GSG Newsletter 133

19 December 2007


The Rana Breakthroughs

The extra page mailed out with the last Newsletter told the story of
two successive breakthroughs in Rana Hole. The first on Monday October
30, just after the Annual Dinner weekend, found the first section of
passage since digging started in 1995 - on October 7th if my records
are accurate. This 30m extension was reduced to comparative
insignificance by the discovery of the following day.

On Tuesday with everyone else returned home only Julian Walford and
Bob Mehew were left. After surveying the new passage - the Skye-way -
they dug near its end where a draught issued from between boulders in
the floor. After about 45 minutes it was possible to squeeze down into a
chamber and continue enlarging the hole from below. The next two hours
were spent exploring what is one of the largest chambers in Sutherland.
They estimated it at 50m long and up to 20m wide. A fine crop of
stalactites at the western end urgently needed taping off to protect
them, and there were several prime digging sites. A distant stream could
be heard far below at several holes along the northern side of the
chamber. A very cautious slither beneath vulnerable stal led Julian
through a small grotto to the noise of perhaps another stream at the far
western end. The walls closed in and it was too tight for progress.

The return trip found the hose taking water from the dam spouting
forth more enthusiastically than when they entered. With slight
forebodings they returned to the dig, and were relieved to find the
water level unchanged. As they reached the dam, however, they found it
on the verge of overflowing. Heavy rain aloft had resulted in a small
waterfall down the entrance pitch and more water than the small diameter
hose draining the dam could take. They returned well satisfied with
their superb find and relieved at a narrow escape from an enforced
lengthy stay. Julian has named their discovery Two A's Chamber after
clAonAite and rAnA - Peter Glanvill and other misspellers of Scottish
cave names take note.

The following Sunday, Julian and Carol, Bob and Rosemary Jones,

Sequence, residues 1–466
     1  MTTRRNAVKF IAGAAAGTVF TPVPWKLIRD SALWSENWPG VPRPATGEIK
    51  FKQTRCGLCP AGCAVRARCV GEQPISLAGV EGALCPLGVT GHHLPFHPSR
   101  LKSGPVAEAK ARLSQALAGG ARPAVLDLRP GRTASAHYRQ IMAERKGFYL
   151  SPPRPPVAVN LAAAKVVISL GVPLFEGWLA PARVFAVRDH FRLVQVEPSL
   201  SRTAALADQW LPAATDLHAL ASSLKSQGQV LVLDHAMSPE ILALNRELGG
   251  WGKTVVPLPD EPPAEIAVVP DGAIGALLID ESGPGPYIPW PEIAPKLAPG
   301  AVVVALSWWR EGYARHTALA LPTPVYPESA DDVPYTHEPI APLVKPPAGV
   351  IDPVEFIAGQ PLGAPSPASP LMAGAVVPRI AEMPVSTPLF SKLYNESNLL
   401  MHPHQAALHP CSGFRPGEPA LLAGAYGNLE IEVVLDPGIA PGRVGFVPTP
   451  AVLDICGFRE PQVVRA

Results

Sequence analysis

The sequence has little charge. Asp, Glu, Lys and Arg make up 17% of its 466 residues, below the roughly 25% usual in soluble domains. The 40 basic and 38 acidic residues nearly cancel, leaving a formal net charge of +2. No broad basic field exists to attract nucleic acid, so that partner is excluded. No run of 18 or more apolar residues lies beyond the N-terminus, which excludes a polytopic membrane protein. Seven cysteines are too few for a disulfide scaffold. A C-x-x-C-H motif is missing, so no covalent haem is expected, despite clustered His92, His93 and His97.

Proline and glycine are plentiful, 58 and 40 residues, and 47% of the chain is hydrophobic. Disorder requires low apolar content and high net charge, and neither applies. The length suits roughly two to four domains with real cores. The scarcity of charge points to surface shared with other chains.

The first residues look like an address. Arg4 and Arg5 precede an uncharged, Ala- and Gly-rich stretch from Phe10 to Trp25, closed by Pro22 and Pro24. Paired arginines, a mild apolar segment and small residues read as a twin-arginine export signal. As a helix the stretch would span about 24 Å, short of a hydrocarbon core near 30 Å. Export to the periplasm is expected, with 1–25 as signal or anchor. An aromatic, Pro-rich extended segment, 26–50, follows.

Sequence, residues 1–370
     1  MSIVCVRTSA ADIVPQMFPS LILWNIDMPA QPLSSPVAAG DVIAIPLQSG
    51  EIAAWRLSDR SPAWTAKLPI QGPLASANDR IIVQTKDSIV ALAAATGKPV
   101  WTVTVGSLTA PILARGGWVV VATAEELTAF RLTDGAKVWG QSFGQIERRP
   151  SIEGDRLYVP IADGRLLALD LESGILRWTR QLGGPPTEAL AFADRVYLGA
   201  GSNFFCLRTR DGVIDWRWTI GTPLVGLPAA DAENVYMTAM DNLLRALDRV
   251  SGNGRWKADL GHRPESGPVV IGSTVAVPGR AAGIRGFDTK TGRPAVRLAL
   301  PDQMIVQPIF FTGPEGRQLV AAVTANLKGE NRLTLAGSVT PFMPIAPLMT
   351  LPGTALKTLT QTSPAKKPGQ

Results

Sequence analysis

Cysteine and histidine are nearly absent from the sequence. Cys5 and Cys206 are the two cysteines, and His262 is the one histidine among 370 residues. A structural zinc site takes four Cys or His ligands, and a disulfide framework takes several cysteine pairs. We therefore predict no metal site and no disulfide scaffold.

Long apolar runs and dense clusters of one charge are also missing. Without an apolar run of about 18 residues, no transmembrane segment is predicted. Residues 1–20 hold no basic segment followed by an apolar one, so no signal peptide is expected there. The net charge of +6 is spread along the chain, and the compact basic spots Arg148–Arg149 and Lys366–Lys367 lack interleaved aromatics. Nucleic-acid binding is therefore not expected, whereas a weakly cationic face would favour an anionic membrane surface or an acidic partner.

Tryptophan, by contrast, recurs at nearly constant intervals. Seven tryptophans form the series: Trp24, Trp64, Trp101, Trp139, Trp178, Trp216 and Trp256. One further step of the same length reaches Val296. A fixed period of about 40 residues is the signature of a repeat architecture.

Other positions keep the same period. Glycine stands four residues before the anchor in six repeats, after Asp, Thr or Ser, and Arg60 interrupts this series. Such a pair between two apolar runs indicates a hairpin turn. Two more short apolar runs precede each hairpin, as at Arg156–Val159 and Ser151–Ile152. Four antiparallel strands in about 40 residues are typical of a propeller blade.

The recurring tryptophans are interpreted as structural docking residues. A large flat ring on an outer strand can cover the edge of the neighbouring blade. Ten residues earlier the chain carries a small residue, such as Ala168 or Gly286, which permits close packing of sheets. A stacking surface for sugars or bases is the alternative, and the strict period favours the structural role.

Peter Reynolds and Robin Forest returned to Rana expecting a long baling
session. The water was unexpectedly only knee deep leading to the first
suspicion that it might slowly drain away. They taped off the vulnerable
formations while Bob took many photographs of them. Julian also washed
clean the formation he'd muddied when he'd investigated the far end
of the grotto. This is now taped off. The plan is to remove the rock
barrier Julian had to slide over to allow entry without endangering the
stalactites. Until then - keep out!

Before leaving, the yellow hose draining the dam was replaced by
32mm water pipe. This should take about four times the flow and there
was hope that that might be enough to keep the dig dry.

The next visit was a solo effort by Chris Warwick on Wednesday 7th
November. He found the dig almost full of water with the level about 8'
below the blue drainage pipe. Foam on the walls showed that the passage
must have been very comprehensively sumped with the water level well
above the roof of the passage. Baling is not a single person job and
with the water so high he abandoned thoughts of visiting the extensions.

Not to be defeated Chris returned with daughter Shona on the 10th
and found the water level in the dig had dropped a bit - confirmation
that it does slowly drain. Baling started and after dropping the water
level by 10' they 'half walked half bobbed' their way through.
They took a quick look being well impressed with the prospects for
further extensions and returned to the dig site after only 16 minutes.
Like Julian and Bob they found the level in the dig unchanged, but the
dam had just begun to overflow!

On the surface rain had started and water was flowing down the
hillside, across the shakehole and down the entrance shaft. This shows
that we need a still larger diameter pipe to stop the dam overflowing,
though I suspect in really heavy rain even extending the 4' corrugated
drain would be inadequate.

There were more visits on the weekend of the DIY curry evening. On
Friday 23rd November Roger Galloway and Annie Audsley found the water
only welly deep in the dig so went exploring. Over the weekend a mass
assault saw Fraser Simpson with camcorder and Graham Marshall and Anna
Ermakova with lights filming Goon and others as they explored the
Skye-way and Two A's Chamber. Ivan first digitally snapped his way
around the chamber then with Roger's help used the SCRO's Heyphones
to 'radiolocate' a couple of positions in the extensions on the
surface. John Crae took a laser level and a tape measure around the west
end of the chamber and Goon and Fraser started extracting boulders from
one promising hole. It was too tight for even Ross to squeeze down so we
knew we needed more serious rock breaking technology.

The weekend of the GSG Xmas Dinner dawned bright, cold and dry with
a fine display of the Geminid meteor shower for those who froze for long
enough outside the hut. On Saturday eleven members enjoyed an almost dry